The study, led by the University of Glasgow and published in PLOS Medicine, looked at the health and educational data of 191,745 children born in Scotland who attended a state or special needs school between 2009 and 2013. Of the children included in the study, 66.2% were formula fed, 25.3% were breastfed, and 8.5% had a mixture of formula and breast milk for the first six to eight weeks.
When compared with formula feeding, the research showed that early-life mixed feeding and exclusive breastfeeding were both linked to a lower risk of having special educational needs – around 10% and 20% decrease in risk, respectively.
Dr Michael Fleming, who led the study at the University of Glasgow’s School of Health and Wellbeing, said:
“We know that many women struggle to exclusively breastfeed for the full six-months recommended by the World Health Organization (WHO), however our study provides evidence that a shorter duration of non-exclusive breastfeeding could nonetheless be beneficial with regards to a child’s learning development.”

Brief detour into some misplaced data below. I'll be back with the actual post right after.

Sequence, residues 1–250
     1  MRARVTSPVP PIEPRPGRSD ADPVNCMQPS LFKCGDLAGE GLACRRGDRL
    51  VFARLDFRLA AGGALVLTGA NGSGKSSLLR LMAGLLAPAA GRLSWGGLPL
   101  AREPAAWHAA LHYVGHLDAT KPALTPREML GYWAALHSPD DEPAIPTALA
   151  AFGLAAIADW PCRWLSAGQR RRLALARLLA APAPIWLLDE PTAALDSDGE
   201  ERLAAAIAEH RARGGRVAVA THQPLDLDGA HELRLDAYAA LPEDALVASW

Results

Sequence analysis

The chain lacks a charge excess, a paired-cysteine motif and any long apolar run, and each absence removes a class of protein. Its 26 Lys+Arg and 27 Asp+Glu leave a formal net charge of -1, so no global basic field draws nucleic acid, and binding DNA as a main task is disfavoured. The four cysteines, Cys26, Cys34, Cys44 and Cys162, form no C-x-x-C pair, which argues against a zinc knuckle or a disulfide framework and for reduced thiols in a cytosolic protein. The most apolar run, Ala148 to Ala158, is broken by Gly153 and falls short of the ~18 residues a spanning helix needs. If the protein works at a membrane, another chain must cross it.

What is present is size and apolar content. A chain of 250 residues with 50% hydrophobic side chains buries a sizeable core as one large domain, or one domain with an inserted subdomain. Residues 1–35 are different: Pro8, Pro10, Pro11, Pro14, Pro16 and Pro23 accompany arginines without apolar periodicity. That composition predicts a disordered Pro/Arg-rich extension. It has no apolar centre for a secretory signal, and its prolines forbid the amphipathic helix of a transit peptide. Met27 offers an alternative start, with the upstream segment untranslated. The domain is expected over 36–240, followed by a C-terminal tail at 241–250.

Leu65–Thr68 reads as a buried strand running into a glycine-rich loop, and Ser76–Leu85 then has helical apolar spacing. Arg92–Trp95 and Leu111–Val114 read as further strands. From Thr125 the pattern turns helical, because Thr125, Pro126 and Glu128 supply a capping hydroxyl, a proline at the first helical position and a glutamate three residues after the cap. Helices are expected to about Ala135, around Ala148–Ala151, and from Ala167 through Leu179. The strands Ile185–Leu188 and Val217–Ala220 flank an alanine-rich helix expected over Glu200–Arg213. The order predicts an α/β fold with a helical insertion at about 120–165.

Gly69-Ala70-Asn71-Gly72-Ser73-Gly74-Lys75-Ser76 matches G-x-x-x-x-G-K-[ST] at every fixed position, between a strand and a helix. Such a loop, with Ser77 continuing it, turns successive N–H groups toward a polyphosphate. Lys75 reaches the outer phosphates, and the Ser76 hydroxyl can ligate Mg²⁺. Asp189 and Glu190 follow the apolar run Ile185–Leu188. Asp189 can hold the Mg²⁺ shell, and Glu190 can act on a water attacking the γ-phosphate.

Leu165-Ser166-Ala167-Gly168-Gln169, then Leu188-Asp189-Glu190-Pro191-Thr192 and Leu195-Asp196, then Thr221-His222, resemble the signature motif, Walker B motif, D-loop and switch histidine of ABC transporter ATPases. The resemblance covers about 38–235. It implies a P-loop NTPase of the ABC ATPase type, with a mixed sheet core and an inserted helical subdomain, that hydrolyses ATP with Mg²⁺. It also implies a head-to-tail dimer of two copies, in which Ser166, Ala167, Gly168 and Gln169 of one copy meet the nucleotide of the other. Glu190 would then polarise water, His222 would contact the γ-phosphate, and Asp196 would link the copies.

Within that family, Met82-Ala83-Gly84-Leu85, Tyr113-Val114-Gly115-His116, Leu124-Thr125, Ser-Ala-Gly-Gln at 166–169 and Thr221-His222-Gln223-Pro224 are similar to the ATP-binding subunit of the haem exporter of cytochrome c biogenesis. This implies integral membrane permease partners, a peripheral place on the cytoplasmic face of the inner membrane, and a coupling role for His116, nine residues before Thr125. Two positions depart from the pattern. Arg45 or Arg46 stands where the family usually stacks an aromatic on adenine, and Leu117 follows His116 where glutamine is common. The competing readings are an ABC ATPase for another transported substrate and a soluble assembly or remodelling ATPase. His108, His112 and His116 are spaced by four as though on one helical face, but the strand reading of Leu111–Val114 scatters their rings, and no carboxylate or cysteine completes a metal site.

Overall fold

The WHO recommends that babies are breastfed for the first six months, but many women struggle to exclusively breastfeed for this long. This study suggests that a shorter duration of non-exclusive breastfeeding may still be beneficial for a child’s later learning development.
However, further research is needed as maternal and paternal factors such as education level, IQ, employment status, ethnicity, or mental and physical health were not explored in this study.
Read the research paper